Your Accounting Audiences – I

On November 1st we talked about accounting being the “language of business”. Now we focus on those groups with whom you need to communicate and share accounting information, how they differ and why they are important. These audiences will vary according to the size and legal form of your business. Whether a sole proprietorship, partnership, LLC or corporation you undoubtedly have several of the audience members shown on the nearby slide. Let’s review them one at a time and consider why they are important to your business.

Slide81. Partner / Shareholder /  Member: If you have formed a partnership, corporation or an LLC, you likely have more than one owner, and these common owners have similar if not parallel interests and financial objectives. Regardless of their share of ownership, they have every right to know what is going on in the business, be it good or bad, and at the same time and with the same quality as you.  If you engaged them as owners for their ability to provide capital funding or experienced advice, or both, keeping them in the dark will eventually neuter their willingness to provide either. The better informed, the greater will be their willingness and ability to respond on either the capital or advisory front.

2. Your Management Team: This group is easy to take for granted and therefore often overlooked. Your key managers should be viewed with equal importance as the other audiences. Management performance and focus will be enhanced to the degree they understand the strengths and weaknesses of the business. If this group receives the same degree of financial performance information it is easier to get everyone on the same page when strategic directions change. In addition to the core senior group, if mid-level managers are included, their financial learning curve accelerates; their feeling of inclusion increases; their commitment to the company is strengthened.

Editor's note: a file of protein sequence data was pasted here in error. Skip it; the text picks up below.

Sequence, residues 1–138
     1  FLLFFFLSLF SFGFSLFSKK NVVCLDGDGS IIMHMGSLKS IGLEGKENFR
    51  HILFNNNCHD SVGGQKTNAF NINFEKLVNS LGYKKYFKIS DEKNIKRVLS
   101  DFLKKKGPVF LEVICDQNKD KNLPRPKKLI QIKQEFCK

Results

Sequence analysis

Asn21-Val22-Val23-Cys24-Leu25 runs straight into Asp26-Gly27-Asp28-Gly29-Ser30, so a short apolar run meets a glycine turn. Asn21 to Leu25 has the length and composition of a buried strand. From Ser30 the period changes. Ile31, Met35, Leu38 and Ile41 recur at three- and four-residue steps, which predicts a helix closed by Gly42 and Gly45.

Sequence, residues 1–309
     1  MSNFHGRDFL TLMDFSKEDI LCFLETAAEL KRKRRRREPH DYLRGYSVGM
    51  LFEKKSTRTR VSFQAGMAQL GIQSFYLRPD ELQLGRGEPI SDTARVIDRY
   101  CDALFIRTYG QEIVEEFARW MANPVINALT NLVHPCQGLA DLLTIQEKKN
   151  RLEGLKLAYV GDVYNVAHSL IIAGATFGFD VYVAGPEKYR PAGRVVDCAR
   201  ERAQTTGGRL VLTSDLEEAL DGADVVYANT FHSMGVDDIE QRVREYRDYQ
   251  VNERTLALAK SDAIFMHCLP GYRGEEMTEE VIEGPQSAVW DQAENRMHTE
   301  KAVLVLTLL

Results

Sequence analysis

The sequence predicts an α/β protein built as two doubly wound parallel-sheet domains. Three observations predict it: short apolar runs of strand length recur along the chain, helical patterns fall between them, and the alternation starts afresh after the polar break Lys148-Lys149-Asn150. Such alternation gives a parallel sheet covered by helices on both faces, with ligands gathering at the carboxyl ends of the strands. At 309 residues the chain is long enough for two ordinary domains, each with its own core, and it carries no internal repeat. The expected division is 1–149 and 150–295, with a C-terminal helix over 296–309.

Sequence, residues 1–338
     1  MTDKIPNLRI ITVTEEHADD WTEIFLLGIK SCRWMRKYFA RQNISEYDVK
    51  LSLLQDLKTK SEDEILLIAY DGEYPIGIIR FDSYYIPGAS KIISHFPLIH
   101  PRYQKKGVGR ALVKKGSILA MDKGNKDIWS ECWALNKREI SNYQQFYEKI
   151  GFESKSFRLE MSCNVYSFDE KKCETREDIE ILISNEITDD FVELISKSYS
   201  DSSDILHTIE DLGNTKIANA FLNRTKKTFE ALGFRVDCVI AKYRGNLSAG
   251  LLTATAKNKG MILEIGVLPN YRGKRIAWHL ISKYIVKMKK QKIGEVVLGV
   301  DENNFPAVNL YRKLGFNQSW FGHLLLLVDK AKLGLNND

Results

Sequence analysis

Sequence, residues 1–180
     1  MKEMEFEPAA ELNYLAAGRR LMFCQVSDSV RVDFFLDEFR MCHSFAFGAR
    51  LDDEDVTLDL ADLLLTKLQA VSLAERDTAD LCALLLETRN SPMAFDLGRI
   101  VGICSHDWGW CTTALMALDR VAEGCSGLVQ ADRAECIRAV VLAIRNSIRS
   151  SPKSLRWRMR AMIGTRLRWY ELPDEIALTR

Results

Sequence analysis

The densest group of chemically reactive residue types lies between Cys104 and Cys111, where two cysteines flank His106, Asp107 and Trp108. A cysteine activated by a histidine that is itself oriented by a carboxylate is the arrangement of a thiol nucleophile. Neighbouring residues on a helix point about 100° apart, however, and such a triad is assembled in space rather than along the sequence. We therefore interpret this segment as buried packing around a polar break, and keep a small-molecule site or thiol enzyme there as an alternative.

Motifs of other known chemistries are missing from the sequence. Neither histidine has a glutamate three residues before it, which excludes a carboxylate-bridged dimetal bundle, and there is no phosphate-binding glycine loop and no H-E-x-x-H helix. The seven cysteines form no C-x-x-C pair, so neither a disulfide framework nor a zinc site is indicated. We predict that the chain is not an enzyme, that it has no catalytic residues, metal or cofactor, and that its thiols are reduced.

3.  Your Bank(s):  Even if your company has the good fortune of being well capitalized, it is smart to have back-up support from one or more strong banks waiting in the wings to assist with an opportunity or emergency.  If you are like most companies however, relying on bank financing for seasonal working capital, and / or long-term equipment financing, it becomes even more vital to keep the lead bank and any secondaries informed.  Between 1991 and 2006 we were able to grow two businesses from $8MM to $52MM in revenue combined, with $4MM in revolving working capital loans for each.  Loan usage moved up and down, but we were never fully paid out for that whole period. That was largely due to providing the bank timely and full blown financial information. Since the financial crisis of 2008 banks have clearly tightened their credit standards and conditions. It is very doubtful that we could repeat that today.  As you probably know, banks don’t like surprises.

To keep these short, I will cover the last three audience groups in the next post.

DOUG DOWNS SMDouglas K. Steele




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